Another thing that may help: candid conversation with your tenant. When you have a good tenant relationship in place, managing the uncomfortable guest situation will be a lot easier. Explain what is not allowed in terms of guests, and find out what their intentions are and how long they plan to stay. You want to give your tenant fair warning that they may be violating the lease agreement. 

Here’s an example of what to put in your lease regarding guests that may be staying too long.

  • Guest Policy and Use of Property

The Premises shall be used and occupied by Tenant(s), exclusively, as a private individual dwelling, and no part of the Premises shall be used at any time during the term of this Agreement by Tenant(s) to carry on any business, profession, or trade of any kind, or for any purpose other than a private dwelling.

Any guest staying in the property more than two weeks in any six-month period will be considered a tenant, rather than a guest, and must be added in the lease agreement. Landlord reserves the right to increase the rent at any such time that a new tenant is added to the lease or premise.

Tenant(s) and guest(s) shall comply with any and all laws, ordinances, rules, and orders of any and all governmental or quasi-governmental authorities affecting the cleanliness, use, occupancy, and preservation of the Premises.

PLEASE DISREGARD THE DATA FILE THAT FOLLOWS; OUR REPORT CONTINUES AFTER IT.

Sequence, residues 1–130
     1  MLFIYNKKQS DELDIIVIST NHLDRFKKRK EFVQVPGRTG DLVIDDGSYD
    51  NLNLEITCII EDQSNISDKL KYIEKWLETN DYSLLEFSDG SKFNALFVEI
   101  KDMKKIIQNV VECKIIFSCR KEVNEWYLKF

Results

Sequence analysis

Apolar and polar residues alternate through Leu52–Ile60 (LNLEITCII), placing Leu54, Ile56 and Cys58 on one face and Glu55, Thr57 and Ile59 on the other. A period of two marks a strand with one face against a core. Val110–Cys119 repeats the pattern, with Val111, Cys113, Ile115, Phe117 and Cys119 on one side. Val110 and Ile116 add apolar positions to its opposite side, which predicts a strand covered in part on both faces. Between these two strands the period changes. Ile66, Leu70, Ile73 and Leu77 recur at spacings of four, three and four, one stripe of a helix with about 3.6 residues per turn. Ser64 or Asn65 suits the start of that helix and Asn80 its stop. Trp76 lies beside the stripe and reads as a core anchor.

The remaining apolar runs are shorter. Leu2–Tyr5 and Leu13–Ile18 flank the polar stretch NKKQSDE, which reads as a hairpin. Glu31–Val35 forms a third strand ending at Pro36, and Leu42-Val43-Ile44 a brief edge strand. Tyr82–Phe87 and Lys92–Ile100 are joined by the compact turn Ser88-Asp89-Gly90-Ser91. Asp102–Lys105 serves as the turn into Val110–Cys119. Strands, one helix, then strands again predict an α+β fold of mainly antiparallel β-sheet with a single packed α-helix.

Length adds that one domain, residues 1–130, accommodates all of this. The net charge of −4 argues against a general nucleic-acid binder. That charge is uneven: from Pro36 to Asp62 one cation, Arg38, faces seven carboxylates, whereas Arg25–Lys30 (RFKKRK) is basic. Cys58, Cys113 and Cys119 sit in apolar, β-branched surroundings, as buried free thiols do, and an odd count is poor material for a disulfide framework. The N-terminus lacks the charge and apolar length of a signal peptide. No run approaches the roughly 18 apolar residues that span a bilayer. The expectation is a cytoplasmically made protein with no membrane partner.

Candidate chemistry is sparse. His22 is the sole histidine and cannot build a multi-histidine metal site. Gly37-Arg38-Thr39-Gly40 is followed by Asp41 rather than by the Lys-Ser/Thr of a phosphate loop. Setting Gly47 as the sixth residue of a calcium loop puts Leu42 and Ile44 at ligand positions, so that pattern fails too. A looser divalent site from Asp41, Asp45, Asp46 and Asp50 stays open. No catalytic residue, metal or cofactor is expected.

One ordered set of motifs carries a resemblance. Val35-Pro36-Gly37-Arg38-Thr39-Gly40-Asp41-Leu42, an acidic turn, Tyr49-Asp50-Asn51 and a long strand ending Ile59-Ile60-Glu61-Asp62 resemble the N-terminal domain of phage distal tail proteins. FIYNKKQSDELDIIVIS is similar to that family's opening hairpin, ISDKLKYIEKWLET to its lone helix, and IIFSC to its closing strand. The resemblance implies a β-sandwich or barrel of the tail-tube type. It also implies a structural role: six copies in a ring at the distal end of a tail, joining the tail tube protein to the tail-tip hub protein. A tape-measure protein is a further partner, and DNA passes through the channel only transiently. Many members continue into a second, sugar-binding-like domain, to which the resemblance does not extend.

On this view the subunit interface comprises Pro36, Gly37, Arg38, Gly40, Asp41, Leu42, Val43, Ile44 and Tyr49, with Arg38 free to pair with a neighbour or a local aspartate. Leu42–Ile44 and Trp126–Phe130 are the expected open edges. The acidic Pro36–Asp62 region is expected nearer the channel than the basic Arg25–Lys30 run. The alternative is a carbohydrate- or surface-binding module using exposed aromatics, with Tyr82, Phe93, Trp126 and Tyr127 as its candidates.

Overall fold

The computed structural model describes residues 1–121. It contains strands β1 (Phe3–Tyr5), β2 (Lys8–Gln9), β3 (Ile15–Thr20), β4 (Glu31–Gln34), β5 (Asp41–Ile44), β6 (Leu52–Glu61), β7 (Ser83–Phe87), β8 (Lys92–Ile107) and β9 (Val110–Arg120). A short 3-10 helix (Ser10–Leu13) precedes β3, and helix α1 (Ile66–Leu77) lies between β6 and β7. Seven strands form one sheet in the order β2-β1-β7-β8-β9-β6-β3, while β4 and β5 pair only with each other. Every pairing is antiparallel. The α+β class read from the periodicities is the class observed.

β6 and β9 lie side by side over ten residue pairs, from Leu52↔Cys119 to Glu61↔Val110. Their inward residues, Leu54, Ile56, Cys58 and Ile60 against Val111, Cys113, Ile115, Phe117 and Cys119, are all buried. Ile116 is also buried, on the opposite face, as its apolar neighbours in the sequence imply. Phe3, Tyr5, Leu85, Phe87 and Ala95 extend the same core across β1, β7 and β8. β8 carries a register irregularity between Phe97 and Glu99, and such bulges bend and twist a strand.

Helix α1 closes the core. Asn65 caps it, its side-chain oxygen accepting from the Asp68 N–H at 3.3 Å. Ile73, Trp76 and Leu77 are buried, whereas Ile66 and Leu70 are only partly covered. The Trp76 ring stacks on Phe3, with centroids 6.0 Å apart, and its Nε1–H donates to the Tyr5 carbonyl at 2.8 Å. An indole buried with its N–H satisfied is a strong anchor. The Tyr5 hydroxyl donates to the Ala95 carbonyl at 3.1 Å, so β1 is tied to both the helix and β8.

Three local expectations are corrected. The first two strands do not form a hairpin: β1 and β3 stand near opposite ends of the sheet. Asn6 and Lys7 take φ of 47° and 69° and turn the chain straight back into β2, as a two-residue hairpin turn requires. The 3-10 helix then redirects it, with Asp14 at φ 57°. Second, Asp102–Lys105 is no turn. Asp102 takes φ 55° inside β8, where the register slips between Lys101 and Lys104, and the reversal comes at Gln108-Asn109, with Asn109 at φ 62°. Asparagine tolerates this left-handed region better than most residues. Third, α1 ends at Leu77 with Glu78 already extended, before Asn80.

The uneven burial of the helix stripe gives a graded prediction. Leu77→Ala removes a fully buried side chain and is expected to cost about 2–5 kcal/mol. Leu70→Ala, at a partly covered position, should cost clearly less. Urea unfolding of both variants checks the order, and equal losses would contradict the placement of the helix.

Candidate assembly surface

If it gets to the point that you need to send your tenant a notice of noncompliance, you’ll want to be able to reference this section of the lease so they know how to come into compliance. You can change the specifics to suit your own preferences and peace of mind. Maybe you only want to allow a five day visit from guests or maybe you’re willing to accommodate them for a month. Work out what your own boundaries are, and talk to an attorney or a Las Vegas property manager before you make any actual modifications to your lease agreement. 

Accepting Rent from Guests 

What will you do if the guest staying with your tenant offers you rent money? Or, if they tell you that they don’t want to be added to the lease because they’re not sure how long they’re staying, but they’re happy to pay a couple of hundred dollars every month as long as they’re in residence?